Republican presidential candidate Mitt Romney speaks during a campaign… (Evan Vucci / AP Photo )
Reporting from Chicago —
It may be Mitt Romney's first full day as the presumptive Republican nominee for president, but Democrats hope the legacy of the hard-edged GOP primary will linger on just a bit longer.
The Obama campaign Wednesday morning had ready a best-of highlight reel of Romney statements made as he courted conservative voters, a YouTube video it titled "Memories to last a lifetime."
Among the sound bites recycled were Romney saying, "Corporations are people, my friend," "I like being able to fire people," and, "I was a severely conservative Republican governor."
It also shows Romney expressing support for overturning the Supreme Court decision on Roe vs. Wade, applauding the House Republican budget blueprint, and vowing to veto the DREAM Act.
The nearly two-minute video, produced by the Obama reelection squad's "Truth Team," closes with onscreen text that reads: "Mitt Romney: A severely conservative nominee. Remember that."
Once it became clear weeks ago that Romney controlled the path to the GOP nomination, the Obama campaign and Democratic allies became increasingly eager to begin turning the page to the general election fight. As with any presidential reelection campaign, their strategy is to frame the election as a choice between the two nominees, not as a referendum on the incumbent.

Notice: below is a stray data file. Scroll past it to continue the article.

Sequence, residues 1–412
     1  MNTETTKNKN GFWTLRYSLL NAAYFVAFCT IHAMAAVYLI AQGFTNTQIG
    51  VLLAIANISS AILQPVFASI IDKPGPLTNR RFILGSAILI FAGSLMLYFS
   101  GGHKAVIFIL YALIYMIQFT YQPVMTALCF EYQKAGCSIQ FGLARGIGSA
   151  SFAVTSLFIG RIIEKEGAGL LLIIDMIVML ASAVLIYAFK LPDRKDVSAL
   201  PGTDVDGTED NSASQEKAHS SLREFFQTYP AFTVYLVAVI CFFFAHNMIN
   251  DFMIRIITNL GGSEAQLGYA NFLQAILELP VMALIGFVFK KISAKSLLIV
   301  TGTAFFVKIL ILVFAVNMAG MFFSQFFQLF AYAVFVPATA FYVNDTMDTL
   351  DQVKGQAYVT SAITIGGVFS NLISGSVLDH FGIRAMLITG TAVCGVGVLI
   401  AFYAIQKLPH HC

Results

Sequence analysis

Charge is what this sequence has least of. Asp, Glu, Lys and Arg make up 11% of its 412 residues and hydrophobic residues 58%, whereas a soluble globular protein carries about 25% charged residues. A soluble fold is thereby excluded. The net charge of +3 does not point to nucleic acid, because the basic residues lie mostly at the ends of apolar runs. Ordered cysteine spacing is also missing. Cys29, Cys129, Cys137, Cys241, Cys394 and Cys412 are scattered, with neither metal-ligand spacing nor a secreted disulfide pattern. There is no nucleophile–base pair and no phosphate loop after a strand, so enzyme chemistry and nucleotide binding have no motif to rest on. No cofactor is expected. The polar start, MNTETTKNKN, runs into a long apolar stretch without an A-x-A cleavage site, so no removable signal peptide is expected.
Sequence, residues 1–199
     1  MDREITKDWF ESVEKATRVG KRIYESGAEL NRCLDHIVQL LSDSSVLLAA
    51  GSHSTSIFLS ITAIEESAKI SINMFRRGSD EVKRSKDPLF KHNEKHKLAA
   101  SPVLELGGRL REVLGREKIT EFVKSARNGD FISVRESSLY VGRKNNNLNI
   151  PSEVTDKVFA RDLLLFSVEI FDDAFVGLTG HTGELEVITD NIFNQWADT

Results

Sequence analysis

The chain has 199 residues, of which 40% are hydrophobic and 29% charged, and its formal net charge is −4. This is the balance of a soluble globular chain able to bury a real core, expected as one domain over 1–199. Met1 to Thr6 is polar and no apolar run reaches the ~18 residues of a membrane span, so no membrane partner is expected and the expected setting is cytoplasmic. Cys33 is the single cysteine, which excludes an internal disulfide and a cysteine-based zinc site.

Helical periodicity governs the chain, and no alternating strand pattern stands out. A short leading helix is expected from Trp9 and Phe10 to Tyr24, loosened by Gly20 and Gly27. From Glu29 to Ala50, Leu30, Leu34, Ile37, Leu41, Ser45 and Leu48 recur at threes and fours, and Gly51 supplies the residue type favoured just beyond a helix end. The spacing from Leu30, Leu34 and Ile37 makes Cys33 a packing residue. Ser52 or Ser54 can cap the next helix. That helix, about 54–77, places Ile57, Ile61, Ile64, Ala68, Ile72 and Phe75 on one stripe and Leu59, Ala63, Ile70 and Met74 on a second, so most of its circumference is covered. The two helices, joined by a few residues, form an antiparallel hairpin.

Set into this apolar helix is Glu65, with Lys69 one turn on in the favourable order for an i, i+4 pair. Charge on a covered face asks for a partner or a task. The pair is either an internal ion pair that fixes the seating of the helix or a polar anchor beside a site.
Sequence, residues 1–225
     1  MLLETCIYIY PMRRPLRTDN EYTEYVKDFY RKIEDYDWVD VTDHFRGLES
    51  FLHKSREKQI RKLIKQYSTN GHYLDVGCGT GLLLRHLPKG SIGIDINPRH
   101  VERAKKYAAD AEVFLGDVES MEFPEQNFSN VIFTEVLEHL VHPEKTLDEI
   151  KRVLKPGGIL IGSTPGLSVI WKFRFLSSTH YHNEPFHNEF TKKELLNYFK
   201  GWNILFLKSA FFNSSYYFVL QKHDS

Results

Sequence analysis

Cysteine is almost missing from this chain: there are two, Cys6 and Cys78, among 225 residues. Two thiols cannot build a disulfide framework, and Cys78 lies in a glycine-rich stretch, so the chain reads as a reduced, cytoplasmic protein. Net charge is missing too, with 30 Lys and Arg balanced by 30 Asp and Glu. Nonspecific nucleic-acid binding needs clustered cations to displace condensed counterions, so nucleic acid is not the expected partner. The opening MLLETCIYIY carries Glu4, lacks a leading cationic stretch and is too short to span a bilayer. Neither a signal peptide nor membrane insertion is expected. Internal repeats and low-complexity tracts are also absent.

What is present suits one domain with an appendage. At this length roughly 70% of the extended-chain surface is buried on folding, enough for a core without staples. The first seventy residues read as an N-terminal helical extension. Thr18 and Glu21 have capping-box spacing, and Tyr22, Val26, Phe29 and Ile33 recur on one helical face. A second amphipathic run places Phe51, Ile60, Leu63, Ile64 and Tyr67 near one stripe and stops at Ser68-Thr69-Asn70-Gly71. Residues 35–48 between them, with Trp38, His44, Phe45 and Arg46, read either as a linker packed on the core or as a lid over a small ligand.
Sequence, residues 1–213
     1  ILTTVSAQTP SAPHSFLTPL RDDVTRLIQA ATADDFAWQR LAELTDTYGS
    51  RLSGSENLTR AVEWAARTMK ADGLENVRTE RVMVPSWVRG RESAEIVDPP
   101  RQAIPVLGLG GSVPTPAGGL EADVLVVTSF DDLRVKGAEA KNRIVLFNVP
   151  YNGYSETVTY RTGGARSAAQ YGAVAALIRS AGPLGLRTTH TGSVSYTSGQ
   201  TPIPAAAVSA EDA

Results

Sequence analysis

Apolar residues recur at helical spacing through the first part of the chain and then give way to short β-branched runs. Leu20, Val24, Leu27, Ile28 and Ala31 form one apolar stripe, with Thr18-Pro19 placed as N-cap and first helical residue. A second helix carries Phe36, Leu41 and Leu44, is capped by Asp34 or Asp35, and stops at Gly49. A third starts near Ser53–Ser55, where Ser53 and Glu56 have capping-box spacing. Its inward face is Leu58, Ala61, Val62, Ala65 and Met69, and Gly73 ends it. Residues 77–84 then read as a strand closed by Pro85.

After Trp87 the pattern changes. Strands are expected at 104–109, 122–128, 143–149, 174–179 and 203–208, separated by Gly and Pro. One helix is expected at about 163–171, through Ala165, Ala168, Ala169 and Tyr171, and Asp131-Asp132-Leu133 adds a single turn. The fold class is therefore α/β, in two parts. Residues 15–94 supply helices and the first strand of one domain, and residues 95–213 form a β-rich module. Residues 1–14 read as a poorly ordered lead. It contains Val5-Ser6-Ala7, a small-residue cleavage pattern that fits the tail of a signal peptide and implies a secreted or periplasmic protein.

The Romney campaign may have played into that trap on its own Wednesday morning. Democrats quickly pounced on the rival outfit for seeming to hesitate when asked on a conference call with reporters whether Romney supported the Lilly Ledbetter Fair Pay Restoration Act that calls for equal pay for women in the work force. It was one of the first pieces of legislation Obama signed as president.
"We'll get back to you on that," a Romney spokesman said on the call, a portion of which the Democratic National Committee sent out.
Barely an hour later, the Obama campaign put out a statement from Ledbetter herself saying she was "shocked and disappointed to hear that Mitt Romney is not willing to stand up for women and their families."